Mali pulls out of defense accords with France
The Malian authorities declared on Monday that the country is pulling out of previously signed defense accords with France, citing “flagrant violations” of its sovereignty by French forces deployed in the country
The military government in Bamako had repeatedly warned Paris that it could end military cooperation between the two countries.
In a televised address on Monday, Colonel Abdoulaye Maiga explained the move by saying: “For some time now, the government of the Republic of Mali notes with regret a profound deterioration in military cooperation with France.” Among other things, Maiga mentioned France’s decision to end joint operations with the Malian military last June, as well as Macron’s announcement in February that Paris was withdrawing its troops.
He went on to cite several cases of what he described as violations of Mali’s sovereignty by French forces.
In April, Bamako claimed that French drones had violated Mali’s airspace to spy on its military dozens of times since the start of the year.
While officials said they had notified Paris of their decision on Monday afternoon, there has been no official reaction from the French government yet.
Relations between France and Mali have steadily deteriorated since the military government came to power in the West African country in August 2020.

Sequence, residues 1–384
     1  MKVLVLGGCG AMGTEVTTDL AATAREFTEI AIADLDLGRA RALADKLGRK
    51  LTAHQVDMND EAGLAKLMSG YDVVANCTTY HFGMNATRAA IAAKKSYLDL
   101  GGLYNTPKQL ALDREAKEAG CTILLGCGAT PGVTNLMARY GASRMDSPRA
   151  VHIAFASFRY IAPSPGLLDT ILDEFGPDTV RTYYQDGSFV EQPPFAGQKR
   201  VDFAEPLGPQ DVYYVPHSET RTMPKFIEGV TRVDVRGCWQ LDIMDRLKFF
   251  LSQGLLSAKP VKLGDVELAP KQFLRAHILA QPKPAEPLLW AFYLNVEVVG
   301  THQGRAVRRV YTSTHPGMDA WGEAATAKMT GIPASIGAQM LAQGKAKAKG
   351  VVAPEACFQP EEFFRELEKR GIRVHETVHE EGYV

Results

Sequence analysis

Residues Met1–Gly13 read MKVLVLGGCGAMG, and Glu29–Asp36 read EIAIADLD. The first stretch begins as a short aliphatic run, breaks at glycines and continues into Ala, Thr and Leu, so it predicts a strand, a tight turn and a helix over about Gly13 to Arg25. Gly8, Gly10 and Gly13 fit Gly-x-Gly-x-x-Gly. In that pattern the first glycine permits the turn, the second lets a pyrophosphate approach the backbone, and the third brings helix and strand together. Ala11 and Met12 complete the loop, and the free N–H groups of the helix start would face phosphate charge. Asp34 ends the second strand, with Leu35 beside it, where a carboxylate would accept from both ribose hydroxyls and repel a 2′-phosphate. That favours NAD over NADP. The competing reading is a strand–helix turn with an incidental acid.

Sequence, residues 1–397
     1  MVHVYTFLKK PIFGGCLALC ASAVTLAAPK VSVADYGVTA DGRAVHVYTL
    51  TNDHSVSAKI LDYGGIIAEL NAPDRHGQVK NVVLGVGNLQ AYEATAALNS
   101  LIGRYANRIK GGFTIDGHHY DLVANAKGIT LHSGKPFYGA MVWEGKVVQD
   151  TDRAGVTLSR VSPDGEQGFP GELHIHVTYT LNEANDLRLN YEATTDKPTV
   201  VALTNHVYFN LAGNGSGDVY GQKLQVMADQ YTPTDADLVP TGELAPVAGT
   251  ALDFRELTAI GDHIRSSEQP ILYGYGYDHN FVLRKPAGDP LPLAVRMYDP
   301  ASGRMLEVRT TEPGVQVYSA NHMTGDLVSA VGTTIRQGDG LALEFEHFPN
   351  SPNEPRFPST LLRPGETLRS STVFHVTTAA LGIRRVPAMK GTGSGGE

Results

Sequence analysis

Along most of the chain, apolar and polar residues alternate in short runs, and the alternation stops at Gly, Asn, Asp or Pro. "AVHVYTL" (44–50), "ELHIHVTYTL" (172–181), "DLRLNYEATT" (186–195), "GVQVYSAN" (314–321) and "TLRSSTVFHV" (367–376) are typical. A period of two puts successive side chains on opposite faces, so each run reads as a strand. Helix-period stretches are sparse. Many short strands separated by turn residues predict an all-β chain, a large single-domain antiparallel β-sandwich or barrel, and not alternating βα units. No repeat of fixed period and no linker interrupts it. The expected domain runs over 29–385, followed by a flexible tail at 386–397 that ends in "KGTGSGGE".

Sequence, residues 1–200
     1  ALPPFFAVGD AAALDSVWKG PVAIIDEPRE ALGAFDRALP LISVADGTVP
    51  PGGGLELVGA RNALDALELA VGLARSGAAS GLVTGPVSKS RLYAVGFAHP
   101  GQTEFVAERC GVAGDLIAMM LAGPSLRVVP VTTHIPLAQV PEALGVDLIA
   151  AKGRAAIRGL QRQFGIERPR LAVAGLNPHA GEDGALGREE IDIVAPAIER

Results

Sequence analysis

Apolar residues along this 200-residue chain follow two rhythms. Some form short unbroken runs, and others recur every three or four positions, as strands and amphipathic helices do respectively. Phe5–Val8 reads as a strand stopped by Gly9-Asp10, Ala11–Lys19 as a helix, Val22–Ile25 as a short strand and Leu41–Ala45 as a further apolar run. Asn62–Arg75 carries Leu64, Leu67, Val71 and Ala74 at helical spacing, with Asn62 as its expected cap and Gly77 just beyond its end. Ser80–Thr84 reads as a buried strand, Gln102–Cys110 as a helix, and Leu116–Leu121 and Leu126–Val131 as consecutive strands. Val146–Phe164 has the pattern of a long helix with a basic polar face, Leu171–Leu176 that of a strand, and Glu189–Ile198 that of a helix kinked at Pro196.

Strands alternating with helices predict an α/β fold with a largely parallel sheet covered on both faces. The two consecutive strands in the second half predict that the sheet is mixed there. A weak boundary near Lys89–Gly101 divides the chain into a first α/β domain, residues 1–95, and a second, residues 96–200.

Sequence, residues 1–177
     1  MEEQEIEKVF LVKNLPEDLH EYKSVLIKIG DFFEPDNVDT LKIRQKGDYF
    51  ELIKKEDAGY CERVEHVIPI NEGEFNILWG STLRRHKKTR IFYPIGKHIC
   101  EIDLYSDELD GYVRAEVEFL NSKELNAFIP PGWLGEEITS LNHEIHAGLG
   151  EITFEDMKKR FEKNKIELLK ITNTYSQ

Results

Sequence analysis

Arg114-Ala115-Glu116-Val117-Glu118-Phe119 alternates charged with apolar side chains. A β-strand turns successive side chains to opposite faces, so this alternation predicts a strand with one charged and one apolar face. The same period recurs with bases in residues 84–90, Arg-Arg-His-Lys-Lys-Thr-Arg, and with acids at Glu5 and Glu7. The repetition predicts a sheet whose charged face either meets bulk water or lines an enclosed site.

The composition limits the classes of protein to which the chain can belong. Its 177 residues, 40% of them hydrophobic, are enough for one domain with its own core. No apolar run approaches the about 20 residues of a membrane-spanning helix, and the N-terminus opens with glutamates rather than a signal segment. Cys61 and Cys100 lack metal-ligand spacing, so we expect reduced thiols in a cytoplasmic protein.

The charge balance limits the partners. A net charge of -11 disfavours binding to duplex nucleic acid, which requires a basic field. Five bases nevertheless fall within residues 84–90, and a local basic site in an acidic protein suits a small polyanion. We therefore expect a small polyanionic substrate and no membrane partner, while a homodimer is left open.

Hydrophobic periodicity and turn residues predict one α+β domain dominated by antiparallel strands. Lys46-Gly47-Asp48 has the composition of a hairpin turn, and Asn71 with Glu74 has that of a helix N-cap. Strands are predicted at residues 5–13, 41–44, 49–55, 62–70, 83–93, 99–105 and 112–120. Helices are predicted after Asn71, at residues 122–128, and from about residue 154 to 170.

France, which ruled Mali from the late 19th century until 1960, has accused the new government of creating “multiple obstructions” that effectively prevented the continuation of a joint counter-terrorism operation in the country involving the French contingent.
The agreements, now officially nixed by the Malian government, date back to 2013-14. Paris launched Operation Serval in Mali in 2013. A year later it was replaced by the larger Operation Barkhane, aimed at tackling insurgency in the whole of the Sahel region, which – besides Mali – spans Chad, Burkina Faso, Niger, and Mauritania.
Announcing the troop withdrawal in mid-February, President Emmanuel Macron said that “victory against terror is not possible if it’s not supported by the state itself,” suggesting that officials in Bamako were no longer interested in fighting Islamists. The French leader also stressed that he did not see the pullout as an admission of failure on the part of Paris.
In 2021, Mali invited a private Russian paramilitary organization to assist in fighting the terrorists.